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Economic Growth Predicted in Europe

January 4, 2000

FRANKFURT, Germany (AP) _ An influential German economic institute warned Tuesday that an interest rate hike by the European Central Bank would jeopardize predictions for an economic comeback in the countries using Europe’s common currency, the euro.

The report came on the eve of Wednesday’s ECB meeting, where the banks’ governing board was expected to discuss the merits of a further rate increase to guard against inflation. Economists speculate another hike could be in the works as early as March, and that central bank chief Wim Duisenburg might signal the bank’s intentions after the regular meeting.

``The ECB’s orientation gives reason to fear that the monetary conditions will hamper steady and strong growth,″ the economic institute DIW said Tuesday, releasing its forecast for 3 percent growth this year in the 11 countries sharing the euro.

Still, the institute’s figures gave a boost to those expecting a resurgence in the euro by year’s end. Last year growth was only an estimated 2.1 percent.

Duisenberg has said a stronger European economy would help bolster the sagging currency, which was launched at $1.17 a year ago but dipped below $1 in early December. In Tuesday afternoon trading in New York, the euro was at $1.0275.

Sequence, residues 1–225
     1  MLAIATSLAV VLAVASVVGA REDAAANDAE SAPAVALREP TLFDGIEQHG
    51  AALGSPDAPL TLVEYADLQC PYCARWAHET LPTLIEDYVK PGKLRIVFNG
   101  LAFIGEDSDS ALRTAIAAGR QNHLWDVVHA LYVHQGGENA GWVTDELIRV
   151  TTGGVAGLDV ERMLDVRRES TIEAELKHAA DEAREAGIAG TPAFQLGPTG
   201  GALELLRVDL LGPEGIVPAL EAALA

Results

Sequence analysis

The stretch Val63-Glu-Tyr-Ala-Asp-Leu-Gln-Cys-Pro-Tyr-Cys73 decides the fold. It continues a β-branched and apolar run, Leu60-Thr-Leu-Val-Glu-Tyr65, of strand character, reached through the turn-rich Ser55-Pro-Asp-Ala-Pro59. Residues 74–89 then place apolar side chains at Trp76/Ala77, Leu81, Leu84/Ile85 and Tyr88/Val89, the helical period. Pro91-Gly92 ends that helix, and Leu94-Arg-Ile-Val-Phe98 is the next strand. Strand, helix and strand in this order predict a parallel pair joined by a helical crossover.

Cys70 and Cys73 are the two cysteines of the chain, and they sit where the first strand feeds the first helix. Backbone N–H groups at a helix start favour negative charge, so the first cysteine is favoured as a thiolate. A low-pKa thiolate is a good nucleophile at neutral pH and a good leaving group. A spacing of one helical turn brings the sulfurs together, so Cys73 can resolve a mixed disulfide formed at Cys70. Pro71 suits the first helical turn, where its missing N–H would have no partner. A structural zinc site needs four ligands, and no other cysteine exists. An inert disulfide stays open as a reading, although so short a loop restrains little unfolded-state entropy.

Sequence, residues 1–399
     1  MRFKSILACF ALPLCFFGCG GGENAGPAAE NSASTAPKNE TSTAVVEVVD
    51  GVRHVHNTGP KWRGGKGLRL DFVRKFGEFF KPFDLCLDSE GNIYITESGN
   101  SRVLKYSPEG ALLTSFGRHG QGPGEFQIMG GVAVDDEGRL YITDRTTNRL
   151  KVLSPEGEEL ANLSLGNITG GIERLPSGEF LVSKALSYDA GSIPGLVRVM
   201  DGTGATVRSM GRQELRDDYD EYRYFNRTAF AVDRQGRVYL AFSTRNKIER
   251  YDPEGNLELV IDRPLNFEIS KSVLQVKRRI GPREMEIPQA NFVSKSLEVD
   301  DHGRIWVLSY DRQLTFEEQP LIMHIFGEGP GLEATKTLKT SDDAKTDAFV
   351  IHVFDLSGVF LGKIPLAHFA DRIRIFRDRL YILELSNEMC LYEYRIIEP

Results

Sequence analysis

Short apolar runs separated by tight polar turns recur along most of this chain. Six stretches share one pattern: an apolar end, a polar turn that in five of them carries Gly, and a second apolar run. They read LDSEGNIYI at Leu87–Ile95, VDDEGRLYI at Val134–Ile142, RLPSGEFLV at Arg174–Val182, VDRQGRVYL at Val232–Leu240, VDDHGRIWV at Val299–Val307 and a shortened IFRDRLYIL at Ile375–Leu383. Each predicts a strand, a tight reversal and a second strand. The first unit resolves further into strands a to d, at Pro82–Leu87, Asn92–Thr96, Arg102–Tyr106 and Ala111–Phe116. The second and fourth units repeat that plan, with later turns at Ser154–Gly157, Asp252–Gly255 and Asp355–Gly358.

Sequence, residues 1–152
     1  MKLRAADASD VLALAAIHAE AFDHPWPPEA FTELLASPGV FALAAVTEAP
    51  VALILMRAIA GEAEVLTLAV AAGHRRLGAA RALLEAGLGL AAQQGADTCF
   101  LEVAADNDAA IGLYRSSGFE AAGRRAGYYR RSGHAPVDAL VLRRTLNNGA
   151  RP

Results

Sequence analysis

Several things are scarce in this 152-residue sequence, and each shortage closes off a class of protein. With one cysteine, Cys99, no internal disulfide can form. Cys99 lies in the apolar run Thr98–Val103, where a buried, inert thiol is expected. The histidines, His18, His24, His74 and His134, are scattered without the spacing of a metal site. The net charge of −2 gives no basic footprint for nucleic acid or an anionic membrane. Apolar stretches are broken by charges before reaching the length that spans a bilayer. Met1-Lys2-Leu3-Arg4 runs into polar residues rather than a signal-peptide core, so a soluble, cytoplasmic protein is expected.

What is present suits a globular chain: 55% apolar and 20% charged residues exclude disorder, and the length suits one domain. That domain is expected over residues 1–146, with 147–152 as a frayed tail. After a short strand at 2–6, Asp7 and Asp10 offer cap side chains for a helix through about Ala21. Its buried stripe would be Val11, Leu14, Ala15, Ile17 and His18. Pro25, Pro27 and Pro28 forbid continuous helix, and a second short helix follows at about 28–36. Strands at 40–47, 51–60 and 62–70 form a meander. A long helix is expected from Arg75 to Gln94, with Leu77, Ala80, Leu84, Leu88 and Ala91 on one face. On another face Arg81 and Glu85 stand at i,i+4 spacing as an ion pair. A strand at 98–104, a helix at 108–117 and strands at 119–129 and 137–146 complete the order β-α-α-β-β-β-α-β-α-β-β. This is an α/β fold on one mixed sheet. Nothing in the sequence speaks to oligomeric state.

Echoing Duisenberg, the DIW said Tuesday the euro’s weakness ``isn’t dramatic″ and noted that it has helped stimulate exports, a key to economic growth.

The institute predicted that inflation will increase only slightly in 2000 as the price of oil levels off and the euro stages a comeback.

``It may take some time, but it will get clearer and clearer that the economy is recovering, not only in the euro area but also in Germany,″ said Petra Koehler, an economist with Dresdner Bank.

She said private consumption and more jobs were spurring the economy throughout the euro zone and cited Italy, Spain and France as noticeable areas of improvement. France’s jobless rate fell to 10.8 percent in November, breaking below 11 percent for the first time since mid-1998.

Koehler said the overall prospects for economic growth mean the euro could turn upward as early as the this spring and predicted it would climb to between $1.15 and $1.20 by year’s end.

Germany _ which accounts for about 32 percent of the euro-zone economy _ remains key to a European comeback.

The DIW noted that the outlook for German growth, which it forecast at 2.4 percent, is less favorable than in other euro-zone countries, because internal demand in Germany is relatively weak. But the country’s export-driven economy still has room to benefit from devalued euro, which makes German goods cheaper overseas.

Koehler remained bullish about German growth prospects, citing recent efforts at tax reform and improving job market. She predicted growth to reach 2.7 percent.

The DIW said that Germany’s jobless rate is expected to fall by 200,000 to 3.9 million this year from an estimated 4.1 million average in 1999.

However, DIW hedged its prediction, saying this year’s decline of Germany’s unemployment rate to 9.8 percent from 10.2 percent last year would be primarily caused by demographic factors rather than increased economic momentum.

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